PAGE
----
The Madison Common Council voted to appropriate an additional $166,000 of the 2020 operating budget to hiring three new police officers, as opposed to the initially proposed six, at their meeting on Tuesday evening. Additionally, the council denied a new ambulance to the fire department.
The meeting itself was largely characterized by citizens voicing their concerns regarding the declining resources afforded to Madison’s emergency services in Mayor Satya Rhodes-Conway’s operating budget.
In particular, dozens of firefighters and police officers spoke at the meeting, describing the lack of funding allocated to their respective departments in the budget and the potentially negative implications on the services which they provide — especially as Madison expands as a city.
Ald. Mike Verveer, District 4, also highlighted safety concerns he hears from downtown residents.
“Times are really tough for our officers,” Verveer said. “That’s why they’re resigning at record pace. I think the least we can do is show our support for them by adding three additional positions.”
Mahlon Mitchell, President of the Firefighters of Wisconsin organization, and several other members of Madison’s fire services asked the city council for an additional ambulance to supplement their fleet of only eight vehicles.
According to Mitchell, in its current state, Madison’s emergency medical teams have only one ambulance for every 32,000 citizens. He went on to state the lack of emergency vehicles can severely limit the number of calls the department can respond to, possibly leading to situations where an injured person is unable to receive medical attention for prolonged periods of time.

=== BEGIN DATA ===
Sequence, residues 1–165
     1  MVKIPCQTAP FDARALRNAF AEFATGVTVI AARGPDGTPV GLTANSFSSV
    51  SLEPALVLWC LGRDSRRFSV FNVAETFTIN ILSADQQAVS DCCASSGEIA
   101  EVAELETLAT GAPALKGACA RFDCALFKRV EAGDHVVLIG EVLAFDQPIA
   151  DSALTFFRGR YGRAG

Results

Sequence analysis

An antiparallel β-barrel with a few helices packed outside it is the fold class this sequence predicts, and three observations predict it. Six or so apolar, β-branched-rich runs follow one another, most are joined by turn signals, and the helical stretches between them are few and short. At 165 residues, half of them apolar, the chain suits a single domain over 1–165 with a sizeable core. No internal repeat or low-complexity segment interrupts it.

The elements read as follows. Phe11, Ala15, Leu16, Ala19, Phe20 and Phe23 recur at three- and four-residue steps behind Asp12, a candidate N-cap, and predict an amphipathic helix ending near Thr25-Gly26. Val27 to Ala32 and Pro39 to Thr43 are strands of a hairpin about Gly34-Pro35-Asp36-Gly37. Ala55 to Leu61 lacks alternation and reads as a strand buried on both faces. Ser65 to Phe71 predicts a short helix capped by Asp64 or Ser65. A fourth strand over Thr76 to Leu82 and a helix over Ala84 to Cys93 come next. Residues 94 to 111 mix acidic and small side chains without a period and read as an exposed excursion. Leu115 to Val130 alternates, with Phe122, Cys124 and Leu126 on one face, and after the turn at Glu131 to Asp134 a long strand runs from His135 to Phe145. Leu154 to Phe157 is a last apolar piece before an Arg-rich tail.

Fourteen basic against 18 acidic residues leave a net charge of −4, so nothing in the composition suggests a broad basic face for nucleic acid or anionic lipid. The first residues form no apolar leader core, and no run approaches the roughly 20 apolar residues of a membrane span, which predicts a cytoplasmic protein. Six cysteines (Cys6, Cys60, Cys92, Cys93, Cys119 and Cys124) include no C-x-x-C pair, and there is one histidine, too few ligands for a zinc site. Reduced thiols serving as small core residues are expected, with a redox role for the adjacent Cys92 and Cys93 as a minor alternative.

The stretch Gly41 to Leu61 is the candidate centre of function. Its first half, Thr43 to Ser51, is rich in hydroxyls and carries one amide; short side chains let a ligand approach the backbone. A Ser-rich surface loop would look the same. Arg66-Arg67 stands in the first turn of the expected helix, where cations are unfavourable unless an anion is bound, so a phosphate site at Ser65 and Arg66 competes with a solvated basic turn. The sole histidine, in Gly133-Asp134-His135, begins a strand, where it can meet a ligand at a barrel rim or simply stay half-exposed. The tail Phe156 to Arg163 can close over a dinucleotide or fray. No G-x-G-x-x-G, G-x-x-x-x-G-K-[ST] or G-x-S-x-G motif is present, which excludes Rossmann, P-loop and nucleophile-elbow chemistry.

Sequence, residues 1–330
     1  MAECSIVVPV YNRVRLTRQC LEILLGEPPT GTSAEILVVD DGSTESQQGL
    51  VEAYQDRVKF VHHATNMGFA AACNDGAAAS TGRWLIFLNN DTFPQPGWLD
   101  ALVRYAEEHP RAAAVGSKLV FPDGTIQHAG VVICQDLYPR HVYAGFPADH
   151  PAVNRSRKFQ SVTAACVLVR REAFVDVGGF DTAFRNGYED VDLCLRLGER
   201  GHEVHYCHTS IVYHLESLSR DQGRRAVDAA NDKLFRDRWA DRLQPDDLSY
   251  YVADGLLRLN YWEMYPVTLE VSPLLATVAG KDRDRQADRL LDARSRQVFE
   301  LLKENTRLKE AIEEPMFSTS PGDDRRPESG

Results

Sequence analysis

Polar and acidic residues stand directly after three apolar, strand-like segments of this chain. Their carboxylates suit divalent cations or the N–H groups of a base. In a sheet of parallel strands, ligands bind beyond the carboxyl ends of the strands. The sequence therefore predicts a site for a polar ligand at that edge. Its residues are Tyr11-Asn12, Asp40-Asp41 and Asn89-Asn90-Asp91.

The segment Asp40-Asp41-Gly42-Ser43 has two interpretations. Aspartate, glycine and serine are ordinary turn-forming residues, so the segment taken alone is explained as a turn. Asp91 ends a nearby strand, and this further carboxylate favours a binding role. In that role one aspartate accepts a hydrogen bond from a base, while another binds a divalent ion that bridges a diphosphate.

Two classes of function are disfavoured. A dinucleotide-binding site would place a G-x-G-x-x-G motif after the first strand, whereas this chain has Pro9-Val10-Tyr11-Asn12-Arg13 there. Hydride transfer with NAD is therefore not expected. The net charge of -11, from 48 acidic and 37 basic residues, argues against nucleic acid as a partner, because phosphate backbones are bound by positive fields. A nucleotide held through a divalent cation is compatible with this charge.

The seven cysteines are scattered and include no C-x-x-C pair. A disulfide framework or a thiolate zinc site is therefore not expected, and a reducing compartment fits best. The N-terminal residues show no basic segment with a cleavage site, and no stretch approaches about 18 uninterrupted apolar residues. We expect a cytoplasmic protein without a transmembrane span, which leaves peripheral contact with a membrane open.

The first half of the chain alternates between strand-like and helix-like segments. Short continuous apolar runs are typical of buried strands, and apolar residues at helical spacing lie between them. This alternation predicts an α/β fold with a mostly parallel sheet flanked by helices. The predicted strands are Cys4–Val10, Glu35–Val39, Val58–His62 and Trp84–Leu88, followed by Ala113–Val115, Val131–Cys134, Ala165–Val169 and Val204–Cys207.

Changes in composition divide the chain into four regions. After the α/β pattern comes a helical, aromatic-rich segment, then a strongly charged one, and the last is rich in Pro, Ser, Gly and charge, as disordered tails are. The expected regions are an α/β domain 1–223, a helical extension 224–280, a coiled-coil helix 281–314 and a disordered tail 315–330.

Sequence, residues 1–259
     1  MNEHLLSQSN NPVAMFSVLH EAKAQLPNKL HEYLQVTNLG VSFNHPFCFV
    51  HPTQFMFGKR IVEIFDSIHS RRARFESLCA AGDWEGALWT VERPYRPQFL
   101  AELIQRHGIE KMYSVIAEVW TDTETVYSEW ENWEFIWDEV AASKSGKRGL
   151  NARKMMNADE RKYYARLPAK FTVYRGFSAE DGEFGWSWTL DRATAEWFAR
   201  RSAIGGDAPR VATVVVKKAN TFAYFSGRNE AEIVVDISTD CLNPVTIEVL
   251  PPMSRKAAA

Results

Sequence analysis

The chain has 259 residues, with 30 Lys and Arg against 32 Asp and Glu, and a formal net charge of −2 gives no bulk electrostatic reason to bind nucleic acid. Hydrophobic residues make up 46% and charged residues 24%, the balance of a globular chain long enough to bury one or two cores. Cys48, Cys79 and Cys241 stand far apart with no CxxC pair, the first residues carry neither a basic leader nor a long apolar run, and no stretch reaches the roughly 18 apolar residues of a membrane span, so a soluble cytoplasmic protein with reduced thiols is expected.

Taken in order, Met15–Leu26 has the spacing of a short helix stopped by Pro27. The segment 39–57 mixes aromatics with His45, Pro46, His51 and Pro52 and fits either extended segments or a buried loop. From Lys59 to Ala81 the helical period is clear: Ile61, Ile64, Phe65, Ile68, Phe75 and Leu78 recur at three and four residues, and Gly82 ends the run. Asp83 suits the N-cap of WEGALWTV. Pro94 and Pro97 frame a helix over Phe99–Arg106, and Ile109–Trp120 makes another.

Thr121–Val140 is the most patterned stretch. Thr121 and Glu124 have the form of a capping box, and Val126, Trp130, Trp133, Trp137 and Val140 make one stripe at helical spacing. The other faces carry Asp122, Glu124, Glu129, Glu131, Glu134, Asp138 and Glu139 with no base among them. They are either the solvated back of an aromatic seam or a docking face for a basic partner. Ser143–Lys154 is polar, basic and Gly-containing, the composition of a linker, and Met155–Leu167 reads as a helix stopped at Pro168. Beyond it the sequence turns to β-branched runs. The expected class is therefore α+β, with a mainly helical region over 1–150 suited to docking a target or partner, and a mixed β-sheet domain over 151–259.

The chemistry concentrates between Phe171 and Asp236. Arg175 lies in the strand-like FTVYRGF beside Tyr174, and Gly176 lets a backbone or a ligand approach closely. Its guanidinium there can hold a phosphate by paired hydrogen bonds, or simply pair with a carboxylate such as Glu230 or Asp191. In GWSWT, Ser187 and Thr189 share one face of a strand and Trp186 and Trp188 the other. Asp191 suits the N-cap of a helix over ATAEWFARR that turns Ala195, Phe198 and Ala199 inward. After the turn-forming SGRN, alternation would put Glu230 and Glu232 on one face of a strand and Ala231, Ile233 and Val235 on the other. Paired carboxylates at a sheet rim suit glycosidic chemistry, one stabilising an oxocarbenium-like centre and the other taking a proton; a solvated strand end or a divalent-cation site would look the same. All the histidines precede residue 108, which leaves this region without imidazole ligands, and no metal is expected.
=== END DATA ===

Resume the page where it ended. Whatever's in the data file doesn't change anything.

Council President Ald. Shiva Bidar, District 5, said she cannot support the amendment because of the proposed cuts, according to the Cap Times.
“I don’t see a path forward to do it in the 2020 budget,” Bidar said. “I know it deeply saddens every one of us not to do more.”
Madison Police Department officers spoke in a similar manner to emergency responders at the council meeting. They reported their department was stretched thin, noting a lack of incoming personnel damaging MPD’s policing ability, while also lowering morale among officers.
The Madison community could begin to feel the ramifications of these cutbacks as soon as February. Twelve officers currently serving in community policing roles will be reassigned to regular patrolling positions, potentially limiting interpersonal connections between law enforcement and citizens.
These cutbacks to law enforcement come at a time of increased crime in the city — leaving police officers feeling particularly shorthanded, as expressed at Tuesday’s meeting.
The new MPD officers would start police academy training in May 2020 and have an annualized cost to the city of $268,200. As for a new ambulance, Bidar stated her commitment to working on a plan to secure a ninth ambulance in 2021.
The Fire Department stated that it’s not soon enough.
“What we’re asking is you adequately staff the Madison Fire Department, so we can do our jobs,” Mitchell said.